Liko, meanwhile, grabbed the wooden mallet from the nail on the shed wall, then opened Old Gray's stall. He skillfully tapped the wooden pins out of the side of the yoke, and the heavy wooden under-collar shifted to the ground. Old Gray shook his sides with delight and snorted. Liko hoisted the collar and the other separate pieces onto their large wall hooks.

After returning the fresh water bucket to the wall, Mei Lin used an old cracked rice bowl to scoop fresh grain into the feeding trough. She scratched Old Gray between his horns. "Now you're earning your keep, aren't you, Old Gray?"

When she turned, Liko was smiling at her, waiting to shut the gate. "Don't I get scratched between the ears for helping?"

Mei Lin smiled. "Maybe." She dipped her hands into the water and then shook them dry.

"Ready?" Liko asked, suddenly serious. Lately Mei Lin seemed to be hiding something behind those beautiful eyes. He hoped tonight to find out what it was.

* * *

Mei Lin nodded and waited as Liko pulled the lantern down from the wall. She brushed his arm as they walked through the door together, and her stomach fluttered into her throat.

You're still a love-sick schoolgirl, Mei Lin chided herself.

Liko took her hand, and in unspoken agreement they walked behind the shed to their favorite spot. The field workers were gone now, most of them preparing evening meals.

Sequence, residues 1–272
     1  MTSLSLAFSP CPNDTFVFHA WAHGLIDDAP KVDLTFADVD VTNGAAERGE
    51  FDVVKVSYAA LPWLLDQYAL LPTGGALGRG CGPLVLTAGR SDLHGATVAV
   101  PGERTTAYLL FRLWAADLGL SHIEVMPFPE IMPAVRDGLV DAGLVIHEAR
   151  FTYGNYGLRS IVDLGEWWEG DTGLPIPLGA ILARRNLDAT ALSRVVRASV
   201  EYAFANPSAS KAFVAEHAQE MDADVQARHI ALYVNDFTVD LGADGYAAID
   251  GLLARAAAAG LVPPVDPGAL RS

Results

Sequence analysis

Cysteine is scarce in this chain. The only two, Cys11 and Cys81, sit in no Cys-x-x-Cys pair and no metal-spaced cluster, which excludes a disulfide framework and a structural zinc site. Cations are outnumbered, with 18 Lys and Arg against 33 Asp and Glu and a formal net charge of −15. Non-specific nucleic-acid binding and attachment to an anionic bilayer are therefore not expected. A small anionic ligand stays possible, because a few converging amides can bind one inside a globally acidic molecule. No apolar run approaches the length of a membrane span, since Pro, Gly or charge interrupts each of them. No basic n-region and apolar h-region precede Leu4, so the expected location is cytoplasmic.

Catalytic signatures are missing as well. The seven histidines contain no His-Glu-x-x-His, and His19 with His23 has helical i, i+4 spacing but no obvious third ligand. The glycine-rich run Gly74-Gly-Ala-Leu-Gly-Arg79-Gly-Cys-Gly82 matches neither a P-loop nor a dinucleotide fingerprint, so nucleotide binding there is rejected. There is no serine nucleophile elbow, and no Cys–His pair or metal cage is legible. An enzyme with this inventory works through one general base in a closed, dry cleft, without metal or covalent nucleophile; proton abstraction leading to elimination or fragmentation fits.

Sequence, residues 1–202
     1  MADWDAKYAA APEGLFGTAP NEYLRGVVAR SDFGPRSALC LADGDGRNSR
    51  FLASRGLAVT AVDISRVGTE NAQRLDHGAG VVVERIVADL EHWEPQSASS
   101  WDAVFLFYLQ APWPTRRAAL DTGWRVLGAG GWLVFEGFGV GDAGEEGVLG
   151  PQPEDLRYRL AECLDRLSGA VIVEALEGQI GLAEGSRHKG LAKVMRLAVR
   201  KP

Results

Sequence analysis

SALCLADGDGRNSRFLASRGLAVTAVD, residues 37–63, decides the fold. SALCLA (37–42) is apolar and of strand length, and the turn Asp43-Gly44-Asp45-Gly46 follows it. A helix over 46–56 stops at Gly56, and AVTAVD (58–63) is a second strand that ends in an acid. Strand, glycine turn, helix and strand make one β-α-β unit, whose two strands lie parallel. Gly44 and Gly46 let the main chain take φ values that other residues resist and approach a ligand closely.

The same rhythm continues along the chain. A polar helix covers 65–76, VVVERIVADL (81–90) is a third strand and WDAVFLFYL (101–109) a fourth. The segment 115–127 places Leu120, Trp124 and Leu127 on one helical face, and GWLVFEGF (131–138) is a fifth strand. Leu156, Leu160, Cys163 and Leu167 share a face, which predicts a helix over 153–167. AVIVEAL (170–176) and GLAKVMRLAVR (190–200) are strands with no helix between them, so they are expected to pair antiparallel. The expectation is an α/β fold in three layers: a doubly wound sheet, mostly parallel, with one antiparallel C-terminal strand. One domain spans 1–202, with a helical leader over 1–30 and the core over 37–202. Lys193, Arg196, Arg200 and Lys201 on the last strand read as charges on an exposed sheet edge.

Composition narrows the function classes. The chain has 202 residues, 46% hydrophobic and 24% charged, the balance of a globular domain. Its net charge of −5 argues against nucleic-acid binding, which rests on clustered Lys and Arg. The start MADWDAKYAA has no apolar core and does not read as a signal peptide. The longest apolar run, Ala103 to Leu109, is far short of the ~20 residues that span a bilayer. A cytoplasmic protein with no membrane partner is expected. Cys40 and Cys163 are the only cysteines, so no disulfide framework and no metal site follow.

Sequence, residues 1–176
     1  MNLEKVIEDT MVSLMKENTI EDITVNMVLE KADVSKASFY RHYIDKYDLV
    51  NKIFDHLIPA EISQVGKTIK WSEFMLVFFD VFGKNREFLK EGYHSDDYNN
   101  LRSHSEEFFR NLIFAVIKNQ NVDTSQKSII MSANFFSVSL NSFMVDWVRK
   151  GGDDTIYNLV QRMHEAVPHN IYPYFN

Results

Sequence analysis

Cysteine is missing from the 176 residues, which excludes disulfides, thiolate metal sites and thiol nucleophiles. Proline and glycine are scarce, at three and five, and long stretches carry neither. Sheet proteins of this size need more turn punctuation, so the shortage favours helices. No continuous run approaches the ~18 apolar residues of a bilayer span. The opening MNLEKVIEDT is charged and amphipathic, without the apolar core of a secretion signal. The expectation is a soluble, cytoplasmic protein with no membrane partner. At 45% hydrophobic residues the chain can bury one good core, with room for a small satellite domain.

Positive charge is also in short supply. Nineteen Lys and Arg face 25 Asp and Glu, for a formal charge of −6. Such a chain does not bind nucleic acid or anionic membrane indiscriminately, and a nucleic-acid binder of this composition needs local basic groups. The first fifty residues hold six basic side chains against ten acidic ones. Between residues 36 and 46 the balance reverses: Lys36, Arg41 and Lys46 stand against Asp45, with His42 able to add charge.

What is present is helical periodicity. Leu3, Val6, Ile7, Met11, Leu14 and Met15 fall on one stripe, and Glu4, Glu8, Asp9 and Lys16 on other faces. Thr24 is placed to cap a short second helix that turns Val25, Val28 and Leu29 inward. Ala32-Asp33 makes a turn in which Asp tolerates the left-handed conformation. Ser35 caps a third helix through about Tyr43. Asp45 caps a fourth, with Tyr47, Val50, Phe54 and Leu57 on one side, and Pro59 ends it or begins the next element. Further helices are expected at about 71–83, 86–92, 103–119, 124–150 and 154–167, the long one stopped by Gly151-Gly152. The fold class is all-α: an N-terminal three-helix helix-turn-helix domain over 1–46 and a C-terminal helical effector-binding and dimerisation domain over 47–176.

Liko had never wanted to be a field worker, but he had replaced his father in both the field and the pulpit after Pastor Chen's death two years ago. Mei Lin was proud of the way he shouldered the responsibility for his mother and for his father's expanding church.

They were the perfect team. When it wasn't spring planting or harvest, Mei Lin spent her free afternoons evangelizing throughout Tanching. Liko taught on weekends. The Gospel was like a newly discovered stream of cool water, wending its way throughout the parched village. Everyone was eager to drink its sweetness—everyone but the cadre and Old One Tooth, the village fortune-teller.

Their small house church of Tanching was now divided into three smaller cell groups. Liko headed one group, Mei Lin's father a second, and Liko's mother the third. Their dream was to start a training school for evangelists, but they needed teaching materials.